Whilst life in the countryside might seem like a death sentence for some, it’s also an opportunity to see a more authentic, generous side of Korean culture. And you have the weekends to travel to Seoul and other cities.
Things Outside Your Control
The final 4 are beyond your control, but you can learn to live with them. If your school life is uncomfortable because someone doesn’t like foreigners, or the principal is harsh, or something else, then sometimes the only option is to suck it up and focus on the positives. Not easy, but better than letting it get you down.
Korean food isn’t for everyone, and spicy food isn’t something you can train your body for overnight. Learn what you can and can’t eat and try to create a diet that’s good for you.
Summer is morbidly hot and wet whilst Korean winters are the polar opposite, and indeed like being at the North Pole – really cold and dry. It can get as low as -20 in winter and above 40 in the summer. As for air pollution and allergies… good luck!
Still not sure about whether or not you want your own EPIK teaching experience? Then I’ll try to offer some final advice for you.
Would I Recommend You Join EPIK?
Yes, I’d definitely recommend an EPIK teaching experience to others. Whether you’re coming out of university, or sitting in an office job wondering what you’re doing with your life and craving a change, EPIK is a great opportunity to try something new.
You don’t have to be ‘young’ to do it either. There are plenty of other teachers in Korea who are in their 30s, and more who are working at universities, high schools, and other institutions in their 40s and beyond. Make new friends, learn about a new culture and language, experience life as an expat, and maybe even discover a new career.
The cost of living in Korea is reasonable (unless you live in Seoul or have a big family), you can save a lot of money in a year, even more in 5 years. A lot of people come to Korea and leave with significant savings that they use to pay back student loans, travel, put down as a deposit on their house, or for a rainy day in the future.
Of course, there are many other reasons to try the EPIK life, including the chance to make new friends, learn about a new culture and language, experience life as an expat, and maybe even discover a new career. Everyone has their own reason for starting the EPIK life, and each person has their own situation. Remember, ESID – Every Situation Is Different.
If you’d like to apply for EPIK, you can find out how in this article about How To Apply For EPIK.
EPIK Teaching Experience FAQs
Finally, here’s a few FAQs about the EPIK teaching experience, in case you’re interested in trying it out for yourself.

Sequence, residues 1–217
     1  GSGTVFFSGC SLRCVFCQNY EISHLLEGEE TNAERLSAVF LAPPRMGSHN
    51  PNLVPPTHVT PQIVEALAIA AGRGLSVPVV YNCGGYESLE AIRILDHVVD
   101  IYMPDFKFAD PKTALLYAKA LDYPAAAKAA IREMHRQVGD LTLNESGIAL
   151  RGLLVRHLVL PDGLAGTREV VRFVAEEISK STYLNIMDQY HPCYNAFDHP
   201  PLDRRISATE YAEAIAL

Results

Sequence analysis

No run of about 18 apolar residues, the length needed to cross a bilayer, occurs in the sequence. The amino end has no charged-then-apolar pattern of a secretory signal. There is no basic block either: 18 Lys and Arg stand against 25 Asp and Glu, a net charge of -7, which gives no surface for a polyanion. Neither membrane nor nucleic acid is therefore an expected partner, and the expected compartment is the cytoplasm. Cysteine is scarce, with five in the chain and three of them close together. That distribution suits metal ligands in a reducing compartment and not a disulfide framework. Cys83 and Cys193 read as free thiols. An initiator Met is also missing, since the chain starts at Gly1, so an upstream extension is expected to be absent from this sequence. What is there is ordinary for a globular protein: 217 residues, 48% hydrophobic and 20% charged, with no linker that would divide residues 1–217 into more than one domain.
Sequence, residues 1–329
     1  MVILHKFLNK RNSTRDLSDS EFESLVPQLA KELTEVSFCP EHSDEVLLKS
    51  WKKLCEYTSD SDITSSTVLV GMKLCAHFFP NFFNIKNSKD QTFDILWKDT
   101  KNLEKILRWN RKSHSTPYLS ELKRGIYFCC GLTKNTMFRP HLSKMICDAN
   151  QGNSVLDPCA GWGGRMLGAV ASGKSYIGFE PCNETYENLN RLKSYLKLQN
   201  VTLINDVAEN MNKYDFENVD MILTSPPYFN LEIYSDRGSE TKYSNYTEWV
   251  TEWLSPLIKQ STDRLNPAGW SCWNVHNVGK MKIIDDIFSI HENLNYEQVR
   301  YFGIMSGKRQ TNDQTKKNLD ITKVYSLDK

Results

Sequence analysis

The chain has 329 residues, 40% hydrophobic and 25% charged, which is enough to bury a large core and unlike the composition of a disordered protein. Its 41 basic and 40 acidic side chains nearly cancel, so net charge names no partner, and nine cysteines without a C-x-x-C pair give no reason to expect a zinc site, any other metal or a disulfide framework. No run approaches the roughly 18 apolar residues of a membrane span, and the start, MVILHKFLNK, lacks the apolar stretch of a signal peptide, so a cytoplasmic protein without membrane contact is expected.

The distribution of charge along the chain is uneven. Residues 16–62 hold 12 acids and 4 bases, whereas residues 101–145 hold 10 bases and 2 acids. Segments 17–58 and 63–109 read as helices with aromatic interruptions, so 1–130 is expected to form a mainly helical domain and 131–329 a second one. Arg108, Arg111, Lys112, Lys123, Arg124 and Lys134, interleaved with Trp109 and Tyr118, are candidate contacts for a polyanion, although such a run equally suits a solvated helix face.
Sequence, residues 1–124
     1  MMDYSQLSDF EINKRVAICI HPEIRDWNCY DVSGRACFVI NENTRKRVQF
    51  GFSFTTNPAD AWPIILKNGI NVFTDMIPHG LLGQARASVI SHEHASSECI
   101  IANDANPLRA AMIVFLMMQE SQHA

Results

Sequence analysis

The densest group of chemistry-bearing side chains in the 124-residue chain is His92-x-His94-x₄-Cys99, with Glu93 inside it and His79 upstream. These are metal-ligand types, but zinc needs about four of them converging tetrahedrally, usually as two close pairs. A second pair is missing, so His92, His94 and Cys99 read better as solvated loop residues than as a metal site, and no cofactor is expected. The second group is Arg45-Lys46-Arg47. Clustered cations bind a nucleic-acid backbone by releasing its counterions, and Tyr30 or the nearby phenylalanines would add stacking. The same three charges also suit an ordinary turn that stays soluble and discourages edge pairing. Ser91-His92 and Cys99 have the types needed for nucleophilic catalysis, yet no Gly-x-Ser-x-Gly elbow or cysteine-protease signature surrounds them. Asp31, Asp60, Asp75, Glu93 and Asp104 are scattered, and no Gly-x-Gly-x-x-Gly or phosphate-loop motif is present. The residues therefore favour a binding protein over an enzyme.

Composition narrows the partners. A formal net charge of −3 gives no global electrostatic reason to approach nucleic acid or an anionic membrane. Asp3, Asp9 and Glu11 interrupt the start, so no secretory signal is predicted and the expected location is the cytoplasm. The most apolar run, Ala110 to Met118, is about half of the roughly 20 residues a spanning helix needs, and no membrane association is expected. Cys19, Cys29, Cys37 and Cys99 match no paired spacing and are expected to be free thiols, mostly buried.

Is teaching in Korea with EPIK easy?
That depends a lot on your own level of confidence and ability. Some people will find it easy to adapt to life in Korea and may already know some Korean, which certainly makes life a lot easier. Some people may be confident public speakers and have teaching skills. Those ‘skills’ are varied and can, for example, include being able to laugh at yourself and tolerate awkward questions from students.
How much can I earn teaching with EPIK?
Starting salaries on EPIK range from 2,000,000 KRW to 2,500,000 per month. This depends on your level of experience and qualifications, as well as the area you’re placed in. Countryside placements earn more than metropolitan areas and EPIK teachers working at multiple schools earn an extra 100,000 KRW per month. EPIK also pays overtime for hours taught (not worked) over the contracted 22 teaching hours. There are many other benefits, such as severance pay, renewal bonuses, flight allowance, and health & pension contributions.
What is the best thing about the EPIK teaching experience?
For most EPIK teachers, the best part of the EPIK teaching experience comes from teaching Korean students and experiencing life in Korea as an expat. Other EPIK teachers also value the ability to save up a good sum of money during their EPIK teaching experience.
How can I apply to EPIK?
You can apply for EPIK in 3 ways – directly to the EPIK Office in Korea, through a recruiting agency, or a MOU/MOA Organisation in your country. There is no direct advantage of one method over the others, however, applying directly to the EPIK Office can result in a faster process and placement confirmation.
Do I need teaching experience for EPIK?
No. You don’t require any teaching experience for EPIK. However, you will be eligible for a higher salary with teaching experience, increasing with the number of years you’ve been teaching. You will require at least a Bachelor’s degree and a teaching certificate or TEFL certificate.
Is an EPIK teaching experience fun?
Yes, however, that is a personal opinion. The EPIK Program has been running for decades with thousands of people from around the world successfully joining the program and many times more applying each year. Its ongoing success and popularity is a sign of the enjoyability of the EPIK experience.
How can I use my EPIK teaching experience?
Whether you want to continue teaching English in Korea or other countries, the knowledge and skills you gain through an EPIK teaching experience can be useful in many situations. These days employers value global experience and understanding of other cultures. Furthermore, teaching in Korea demonstrates an ability to manage time, be organised, prepare materials, work with others, and meet deadlines.